Aboriginal Offender Substance Abuse Program (AOSAP) and Cultural Engagement

Key Words

Aboriginal, prison, substance abuse, treatment


The Aboriginal Offender Substance Abuse Program (AOSAP) uses a blended approach to programming combining cultural healing traditions and contemporary best practices in substance abuse treatment. Research of the impact of the AOSAP (high intensity version) on post release outcomes has been completed and provides support for the effectiveness of the program approach (Kunic & Varis, 2009). However, the impact of the cultural aspects of the program has yet to be examined. One objective of the AOSAP is to connect participants with Aboriginal cultures as a means of promoting traditional values and individual healing. To assess the program's capacity to meet this objective, the Cultural Engagement Scale (CES) was developed.

What we did

To understand the change in AOSAP participant's level of engagement in Aboriginal culture, spirituality and traditional teachings, we examined the mean scores, pre and post, from each question of the CES. Data from 235 participants: 151 (64%) from AOSAP High Intensity version and 84 (36%) from AOSAP Moderate Intensity version were reviewed.

CES Questions

Cultural Engagement Scale questions

  1. I practice traditional Aboriginal values in my daily life.
  2. I have the necessary experience through Elders' teachings and spiritual ceremonies to guide my life.
  3. Traditional healing is important to me.
  4. I have had the opportunity to fully examine issues of my substance abuse in a traditional way.
  5. I am spiritually connected to my culture.
  6. I have knowledge about Aboriginal cultures and spirituality.
  7. I am culturally prepared to deal with difficult life issues.
  8. I see the importance of an Elder.
  9. I seek the advice of an Elder when I need guidance.
  10. I seek out opportunities to explore my culture as a way to understand myself.
  11. I make a valuable contribution to my culture.
  12. I have enough opportunity to engage in Aboriginal cultural activities.

The CES is scored on a five point scale ranging from strongly disagree (1) to strongly agree (5).

What we found

As shown in Figure 1, positive differences were seen for all questions from pre program to post program. With an already high level of agreement pre program, questions 3 and 8 show minimal change. Questions 2 and 4 show the greatest degree of change.

Figure 1: AOSAP CES pre/post

Using data provided by 235 AOSAP participants, the bar chart shows the average scores for all twelve CES questions, comparing responses pre and post.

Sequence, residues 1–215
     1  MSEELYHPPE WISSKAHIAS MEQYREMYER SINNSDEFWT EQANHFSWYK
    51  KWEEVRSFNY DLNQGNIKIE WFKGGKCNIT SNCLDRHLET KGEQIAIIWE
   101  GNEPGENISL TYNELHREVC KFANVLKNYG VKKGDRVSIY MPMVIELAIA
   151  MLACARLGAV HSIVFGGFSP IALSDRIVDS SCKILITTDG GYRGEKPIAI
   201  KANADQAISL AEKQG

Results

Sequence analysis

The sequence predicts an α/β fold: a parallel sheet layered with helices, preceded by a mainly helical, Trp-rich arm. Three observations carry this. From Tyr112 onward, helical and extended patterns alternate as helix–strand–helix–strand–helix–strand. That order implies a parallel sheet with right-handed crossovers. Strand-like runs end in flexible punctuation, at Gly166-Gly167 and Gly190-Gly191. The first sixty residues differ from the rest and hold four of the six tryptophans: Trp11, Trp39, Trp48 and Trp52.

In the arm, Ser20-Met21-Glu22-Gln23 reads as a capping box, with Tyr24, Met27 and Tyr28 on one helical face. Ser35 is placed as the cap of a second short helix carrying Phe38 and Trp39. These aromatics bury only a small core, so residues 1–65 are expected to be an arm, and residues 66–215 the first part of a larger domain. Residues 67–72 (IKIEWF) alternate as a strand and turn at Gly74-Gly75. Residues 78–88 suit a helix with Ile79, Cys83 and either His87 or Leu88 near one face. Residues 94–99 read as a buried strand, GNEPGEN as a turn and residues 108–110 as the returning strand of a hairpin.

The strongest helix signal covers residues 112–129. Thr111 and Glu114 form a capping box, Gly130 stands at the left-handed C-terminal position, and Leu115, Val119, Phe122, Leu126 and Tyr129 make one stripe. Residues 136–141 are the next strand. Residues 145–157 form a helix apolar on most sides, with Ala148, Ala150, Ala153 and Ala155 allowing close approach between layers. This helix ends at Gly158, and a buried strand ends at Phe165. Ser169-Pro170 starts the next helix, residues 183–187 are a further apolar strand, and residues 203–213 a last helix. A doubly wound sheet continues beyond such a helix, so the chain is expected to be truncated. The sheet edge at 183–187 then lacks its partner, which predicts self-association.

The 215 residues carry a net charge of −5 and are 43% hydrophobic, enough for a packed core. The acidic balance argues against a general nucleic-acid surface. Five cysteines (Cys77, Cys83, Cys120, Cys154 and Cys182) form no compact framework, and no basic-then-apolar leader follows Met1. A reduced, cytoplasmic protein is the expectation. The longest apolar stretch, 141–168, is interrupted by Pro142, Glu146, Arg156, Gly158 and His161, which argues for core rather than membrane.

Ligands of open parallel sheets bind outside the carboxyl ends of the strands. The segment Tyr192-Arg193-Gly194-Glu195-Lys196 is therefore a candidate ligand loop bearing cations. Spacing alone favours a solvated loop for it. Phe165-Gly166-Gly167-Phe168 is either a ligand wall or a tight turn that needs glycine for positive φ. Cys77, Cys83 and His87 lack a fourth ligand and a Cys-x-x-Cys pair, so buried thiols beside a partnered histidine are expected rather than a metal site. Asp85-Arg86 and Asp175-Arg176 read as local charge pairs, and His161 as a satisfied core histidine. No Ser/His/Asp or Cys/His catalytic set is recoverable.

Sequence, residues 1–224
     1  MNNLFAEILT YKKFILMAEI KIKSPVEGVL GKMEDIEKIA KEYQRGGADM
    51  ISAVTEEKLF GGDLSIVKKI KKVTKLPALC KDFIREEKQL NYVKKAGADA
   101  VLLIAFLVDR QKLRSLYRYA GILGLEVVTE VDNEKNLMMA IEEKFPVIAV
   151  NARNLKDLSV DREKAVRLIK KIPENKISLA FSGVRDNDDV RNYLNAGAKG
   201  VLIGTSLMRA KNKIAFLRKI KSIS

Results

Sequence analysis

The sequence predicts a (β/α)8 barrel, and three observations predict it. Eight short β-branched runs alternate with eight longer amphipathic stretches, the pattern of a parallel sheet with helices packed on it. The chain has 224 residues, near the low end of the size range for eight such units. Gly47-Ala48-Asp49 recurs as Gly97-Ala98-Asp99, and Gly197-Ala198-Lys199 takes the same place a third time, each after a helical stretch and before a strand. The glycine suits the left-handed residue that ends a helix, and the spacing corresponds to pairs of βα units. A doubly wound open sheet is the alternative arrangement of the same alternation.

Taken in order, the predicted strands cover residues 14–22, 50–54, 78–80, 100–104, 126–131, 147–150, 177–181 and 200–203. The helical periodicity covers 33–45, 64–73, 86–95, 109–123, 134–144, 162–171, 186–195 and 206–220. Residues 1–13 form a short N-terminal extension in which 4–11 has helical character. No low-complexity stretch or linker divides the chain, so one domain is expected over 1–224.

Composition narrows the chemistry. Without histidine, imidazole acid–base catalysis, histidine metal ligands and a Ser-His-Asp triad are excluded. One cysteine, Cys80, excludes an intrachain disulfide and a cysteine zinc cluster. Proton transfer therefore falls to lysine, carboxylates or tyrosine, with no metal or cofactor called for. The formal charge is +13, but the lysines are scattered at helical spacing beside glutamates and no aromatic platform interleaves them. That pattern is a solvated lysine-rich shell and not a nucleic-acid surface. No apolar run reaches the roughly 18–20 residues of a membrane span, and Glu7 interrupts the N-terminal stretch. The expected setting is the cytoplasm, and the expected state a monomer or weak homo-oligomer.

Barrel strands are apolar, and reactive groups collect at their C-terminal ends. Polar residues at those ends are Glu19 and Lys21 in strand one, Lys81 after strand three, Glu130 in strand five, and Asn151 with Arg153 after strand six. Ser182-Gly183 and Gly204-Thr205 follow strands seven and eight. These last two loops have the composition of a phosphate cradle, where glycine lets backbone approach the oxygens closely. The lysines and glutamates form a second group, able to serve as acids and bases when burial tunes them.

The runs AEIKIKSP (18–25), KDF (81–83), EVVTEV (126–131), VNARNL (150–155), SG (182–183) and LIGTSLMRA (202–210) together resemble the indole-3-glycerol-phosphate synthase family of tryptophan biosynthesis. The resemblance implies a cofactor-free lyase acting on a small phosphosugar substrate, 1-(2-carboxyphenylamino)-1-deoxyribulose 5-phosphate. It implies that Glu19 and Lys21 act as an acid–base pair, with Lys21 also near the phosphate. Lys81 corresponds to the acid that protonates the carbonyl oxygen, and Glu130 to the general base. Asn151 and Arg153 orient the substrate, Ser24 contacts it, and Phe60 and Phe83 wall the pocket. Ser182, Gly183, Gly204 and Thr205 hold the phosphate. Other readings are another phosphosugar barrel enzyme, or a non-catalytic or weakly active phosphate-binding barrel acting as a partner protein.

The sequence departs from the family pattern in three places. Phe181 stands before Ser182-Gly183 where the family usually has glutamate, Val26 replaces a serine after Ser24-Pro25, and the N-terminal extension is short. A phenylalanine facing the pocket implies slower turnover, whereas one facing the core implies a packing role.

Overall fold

Question 1 scores changed from 3.6 pre to 4.4 post.
Question 2 scores changed from 3.2 pre to 4.4 post.
Question 3 scores remained stable pre to post (4.2 and 4.5, respectively).
Question 4 scores changed from 3.1 pre to 4.5 post.
Question 5 scores changed from 3.6 pre to 4.4 post.
Question 6 scores changed from 3.8 pre to 4.5 post.
Question 7 scores changed from 3.6 pre to 4.4 post.
Question 8 scores remained stable from pre to post (4.5 and 4.6, respectively).
Question 9 scores changed from 3.9 pre to 4.4 post.
Question 10 scores changed from 3.8 pre to 4.5 post.
Question 11 scores changed from 3.5 pre to 4.3 post.
Question 12 scores changed from 3.8 pre to 4.3 post.

Figure 1: AOSAP CES pre/post

What it means

The results suggest that AOSAP is meeting its objective in terms of reconnecting participants with Aboriginal spirituality and their culture. Participants are entering the program with an already high level of agreement around the importance of traditional healing and the importance of Elders. Through completing AOSAP they gain cultural knowledge, experience with teachings and ceremonies, and the opportunities needed to explore culture as healing.

To understand the impact of culturally based programming, culturally specific research tools are required. This is a preliminary demonstration of a research tool developed by CSC for this use.


Kunic, D. & Varis, D.D. (2009). The Aboriginal Offender Substance Abuse Program (AOSAP): Examining the effects of successful AOSAP completion on post-release outcomes in a cohort of male, Aboriginal offenders released from federal custody. Ottawa, ON: Correctional Service Canada.

Prepared by: Pamela Forrester, Emily Trainor, Shanna Farrell-MacDonald & David Varis

For more information

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Footnote 1

Data from AOSAP-H enrolees were compiled from 2007 – 2010; data from AOSAP-M enrolees were compiled from 2009 – 2010.

Return to footnote 1 referrer